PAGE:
Predictive validity of the genderqueer identity scale (GQI): differences between genderqueer, transgender and cisgender sexual minority individuals

Jory M. Catalpa, Jenifer K. McGuire, Jessica N. Fish, G. Nic Rider, Nova Bradford, Dianne Berg

Research output: Contribution to journalArticlepeer-review

15 Scopus citations


Introduction: The Genderqueer Identity Scale (GQI; McGuire et al., this issue)–a newly developed and validated measure–assesses genderqueer identity via four subscales: challenging the gender binary, the extent to which participants actively work to dismantle gender binaries in identity and expression); social construction of gender, or the degree to which participants interpret their gender identity as something that develops versus an innate essentialist phenomenon; theoretical awareness of gender, the degree of social and political intention attached to gender identity; and gender fluidity, or repeated shifting of gender expression across periods of time. Aim: This descriptive study examined the predictive validity of the GQI and group differences in genderqueer identity with a sample of transgender, genderqueer and nonbinary spectrum, and cisgender sexual minority adults (N = 510). Methods: We hypothesized that Genderqueer Non-binary (GQNB) participants would score higher on GQI subscale scores compared to transgender participants who identify within the gender binary. Results: Results from ANOVA models indicated a statistically significant difference in intrapersonal subscales across sexual minority and transgender binary or genderqueer groups. For the interpersonal subscales there were differences across all three groups. Cisgender sexual minority participants reported the lowest levels on all scales, while genderqueer participants reported the highest, and transgender binary were in-between. Discussion: The GQI demonstrates strong predictive validity in distinguishing binary transpersons from GQNB and cisgender sexual minority persons. Findings reveal that these three subgroups who might otherwise be similarly categorized (i.e., LGBTQ) show significant differences on challenging the binary, social construction, theoretical awareness, and gender fluidity constructs.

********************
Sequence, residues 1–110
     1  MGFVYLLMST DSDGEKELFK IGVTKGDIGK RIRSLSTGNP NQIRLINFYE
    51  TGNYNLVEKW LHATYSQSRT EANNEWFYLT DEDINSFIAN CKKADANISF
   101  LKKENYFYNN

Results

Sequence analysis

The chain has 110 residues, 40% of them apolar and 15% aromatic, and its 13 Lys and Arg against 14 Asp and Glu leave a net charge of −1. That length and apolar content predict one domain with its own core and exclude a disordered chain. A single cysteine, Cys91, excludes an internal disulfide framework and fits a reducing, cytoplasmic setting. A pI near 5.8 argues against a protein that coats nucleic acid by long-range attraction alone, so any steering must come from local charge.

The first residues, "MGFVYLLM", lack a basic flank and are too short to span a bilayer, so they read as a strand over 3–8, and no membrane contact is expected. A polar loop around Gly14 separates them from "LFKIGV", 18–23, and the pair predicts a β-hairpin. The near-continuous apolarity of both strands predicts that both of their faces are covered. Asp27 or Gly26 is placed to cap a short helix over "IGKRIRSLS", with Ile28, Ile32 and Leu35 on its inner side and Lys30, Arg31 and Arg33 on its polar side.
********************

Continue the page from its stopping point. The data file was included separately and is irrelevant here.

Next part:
Original languageEnglish (US)
Pages (from-to)305-314
Number of pages10
JournalInternational Journal of Transgenderism
Issue number2-3
StatePublished - 2019

Bibliographical note

Publisher Copyright:
© 2019, © 2019 Taylor & Francis Group, LLC.


  • Gender fluidity
  • genderqueer identity scale
  • nonbinary
  • transgender


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